Cruise visitors to Ireland’s capital city will find a friendly welcome. Situated off the east coast of Ireland, near the Irish Sea, Dublin is a small and compact city that offers cruise visitors a wealth of opportunities to explore. Designated as a UNESCO City of Literature, the city takes great pride in honoring its authors.
The River Liffey flows through the city. The river originates in the mountains nearby in Wicklow and flows through the city before running into the Irish Sea at the mouth of the Dublin Bay delta.
Cruise guests can use the river and the many bridges crossing the water as a landmark to help navigate the city. The streets are a maze of changing names that could prove confusing. A word to the wise is to have a map, know the names of popular historic sites, and be aware of which side of the river you are on.
The old city, located south of the river, offers the bulk of historic sites: Dublin Castle, St. Patrick’s Cathedral and Trinity College are located in the Southside. Located north of the River Liffey is the popular destination of O’Connell Street, one of the widest streets in Europe and a popular tourist destination.
Cruise visitors will encounter wonderful parks offering a break from the hustle and bustle of the busy city. There are many historic Georgian style buildings as well as numerous sites to learn about the heritage, culture and history of the Irish people. And no visit to Ireland would be complete without a stop into a neighborhood pub. Pub culture is famous for celebrating life through food, drink, story and music.
The port is managed by The Dublin Port Company. Cruise passengers arriving by small ship will arrive in the heart of Dublin City at the quayside of the River Liffey, close to the Samuel Beckett Bridge. Larger vessels call nearby at Dublin Port’s Alexandra Quay, only minutes from the city center, approximately 1.2 miles from downtown.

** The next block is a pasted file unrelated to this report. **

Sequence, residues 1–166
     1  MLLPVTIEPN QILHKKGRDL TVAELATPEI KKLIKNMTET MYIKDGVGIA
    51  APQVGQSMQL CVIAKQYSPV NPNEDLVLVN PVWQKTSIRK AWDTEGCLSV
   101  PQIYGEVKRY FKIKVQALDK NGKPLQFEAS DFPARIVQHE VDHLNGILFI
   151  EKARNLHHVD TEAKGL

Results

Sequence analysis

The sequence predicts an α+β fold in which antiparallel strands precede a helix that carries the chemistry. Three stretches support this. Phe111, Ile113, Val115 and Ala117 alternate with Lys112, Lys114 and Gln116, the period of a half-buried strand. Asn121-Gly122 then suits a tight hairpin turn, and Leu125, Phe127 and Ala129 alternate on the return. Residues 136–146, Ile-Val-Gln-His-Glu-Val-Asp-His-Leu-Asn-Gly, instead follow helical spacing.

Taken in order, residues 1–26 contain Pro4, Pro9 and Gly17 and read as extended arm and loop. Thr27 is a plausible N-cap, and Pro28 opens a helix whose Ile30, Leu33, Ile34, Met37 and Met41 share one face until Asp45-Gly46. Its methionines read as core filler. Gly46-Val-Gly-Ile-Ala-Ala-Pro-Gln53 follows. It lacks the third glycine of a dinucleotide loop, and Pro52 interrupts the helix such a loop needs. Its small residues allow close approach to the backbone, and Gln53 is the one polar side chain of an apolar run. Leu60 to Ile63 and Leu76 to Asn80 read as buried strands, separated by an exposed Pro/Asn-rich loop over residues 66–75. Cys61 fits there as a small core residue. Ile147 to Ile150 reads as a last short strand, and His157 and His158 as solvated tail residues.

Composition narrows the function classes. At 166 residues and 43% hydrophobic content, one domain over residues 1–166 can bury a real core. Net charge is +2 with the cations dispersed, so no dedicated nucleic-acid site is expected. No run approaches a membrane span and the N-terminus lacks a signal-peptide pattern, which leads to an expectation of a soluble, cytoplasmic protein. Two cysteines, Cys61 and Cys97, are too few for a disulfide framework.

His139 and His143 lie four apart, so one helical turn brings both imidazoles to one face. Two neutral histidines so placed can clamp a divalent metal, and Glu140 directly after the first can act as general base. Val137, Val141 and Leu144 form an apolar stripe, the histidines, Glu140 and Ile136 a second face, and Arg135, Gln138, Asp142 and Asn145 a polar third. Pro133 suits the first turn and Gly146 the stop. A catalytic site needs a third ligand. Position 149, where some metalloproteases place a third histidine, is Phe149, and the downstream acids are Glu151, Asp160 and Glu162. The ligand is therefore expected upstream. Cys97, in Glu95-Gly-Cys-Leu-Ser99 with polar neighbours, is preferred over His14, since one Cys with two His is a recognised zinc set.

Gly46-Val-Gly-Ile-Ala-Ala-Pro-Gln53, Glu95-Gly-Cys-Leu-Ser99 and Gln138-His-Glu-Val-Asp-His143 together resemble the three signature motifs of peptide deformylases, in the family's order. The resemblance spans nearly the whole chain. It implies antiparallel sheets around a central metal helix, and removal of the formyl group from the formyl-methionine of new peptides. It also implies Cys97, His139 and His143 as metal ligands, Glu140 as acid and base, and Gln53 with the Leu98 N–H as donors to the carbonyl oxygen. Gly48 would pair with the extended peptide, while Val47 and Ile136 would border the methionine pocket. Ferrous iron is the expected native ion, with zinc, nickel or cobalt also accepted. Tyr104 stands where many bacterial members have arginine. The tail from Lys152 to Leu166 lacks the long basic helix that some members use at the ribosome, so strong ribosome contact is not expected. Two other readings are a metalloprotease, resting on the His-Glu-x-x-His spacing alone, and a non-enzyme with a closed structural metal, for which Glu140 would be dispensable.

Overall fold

Cruise visitors wanting to start off their tour of the city should make their way to City Hall. This Georgian style building, which dates back to 1769, has a great multimedia presentation called “The Story of the Capital Exhibition.” This show chronicles the 1000-year history of the capital city and will serve as a good primer for the rest of the day.
At the heart of the city center is O’Connell Street, the city’s most famous thoroughfare . This area has restaurants, trendy bars, and great shopping. Close to O’Connell Street over the bridge is the area of Temple Bar, another popular tourist attraction.
Only five minutes’ walk form O’Connell Street is The Writers Museum, a great place to learn about the accomplishments of famed Irish authors.
Trinity College, founded in 1592 by Queen Elizabeth I, is home to The Book of Kells, an illustrated copy of the Gospels done by monks, and a national treasure. Be sure to visit the main library’s Long Room, which contains approximately 200,000 of the 3 million volumes in Trinity’s collection.
Besides guided tours visiting many of the sites in the Do Not Miss section, cruise guests will have additional tours to select from.
Avid Cruiser Posts, Photographs and Videos Featuring Dublin.